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Multiplication and Division of Terms Study Guide (page 3)

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Updated on Oct 3, 2011

Example

(18a4b3) ÷ (–6ab5) =

Begin with the coefficients: 18 ÷ –6 = –3.

Carry the bases of the dividend into the answer. The answer has bases of a and b.

There are no bases in the dividend that are not in the divisor, and vice versa, so we are ready to subtract.

The exponent of a in the dividend is 4 and the exponent of a in the divisor is 1: 4 –1 = 3. The exponent of a in the answer is 3. The exponent of b in the dividend is 3 and the exponent of b in the divisor is 5. 3 –5 = –2. The exponent of b in the answer is –2.

Put it all together: (18a4b3) ÷ (–6ab5) = –3a3b–2. It is okay to have a negative exponent in your answer! If you would like to avoid negative exponents, this answer can also be written as.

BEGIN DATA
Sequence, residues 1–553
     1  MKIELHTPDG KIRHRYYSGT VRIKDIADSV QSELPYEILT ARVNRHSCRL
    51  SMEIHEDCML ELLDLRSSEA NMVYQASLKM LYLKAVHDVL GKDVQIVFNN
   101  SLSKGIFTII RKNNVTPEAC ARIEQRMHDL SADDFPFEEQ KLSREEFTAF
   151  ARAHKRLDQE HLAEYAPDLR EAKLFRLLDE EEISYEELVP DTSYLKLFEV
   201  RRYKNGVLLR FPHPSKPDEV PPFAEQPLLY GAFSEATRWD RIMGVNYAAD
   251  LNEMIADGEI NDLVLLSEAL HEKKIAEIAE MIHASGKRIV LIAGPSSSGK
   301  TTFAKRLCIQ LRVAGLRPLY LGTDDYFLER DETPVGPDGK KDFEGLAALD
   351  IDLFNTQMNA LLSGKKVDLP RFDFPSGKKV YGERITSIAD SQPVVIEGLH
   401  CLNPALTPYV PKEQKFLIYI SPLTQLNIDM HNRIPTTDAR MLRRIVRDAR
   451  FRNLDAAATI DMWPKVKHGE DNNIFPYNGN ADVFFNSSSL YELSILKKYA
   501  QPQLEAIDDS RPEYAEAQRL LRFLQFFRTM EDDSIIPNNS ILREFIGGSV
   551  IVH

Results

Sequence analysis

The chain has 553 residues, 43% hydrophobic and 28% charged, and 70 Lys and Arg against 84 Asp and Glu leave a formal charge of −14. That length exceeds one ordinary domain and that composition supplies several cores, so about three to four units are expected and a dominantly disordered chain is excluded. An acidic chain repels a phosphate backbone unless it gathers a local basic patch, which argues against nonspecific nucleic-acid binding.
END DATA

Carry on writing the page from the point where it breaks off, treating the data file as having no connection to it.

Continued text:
Example

(16c7) ÷ (4c7) =

Begin again with the coefficients: 16 ÷ 4 = 4.

There is only one base in the dividend and the divisor, c. Subtract the exponent of c in the dividend from the exponent of c in the denominator: 7 – 7 = 0. What does this mean? We could write our answer as 4c°, but because any number or variable to the power of 0 is equal to 1, c° = 1 and 4(1) = 4. In other words, if the exponent of a base is the same in both the dividend and the divisor, that base does not appear in your answer.

Tip:

If the coefficient of the dividend and the divisor are the same, your answer does not appear to have a coefficient. That is because any value divided by itself is equal to 1, and it is unnecessary to write the number 1 as the coefficient of a term.

Find practice problems and solutions for these concepts at Multiplication and Division of Terms Practice Questions.

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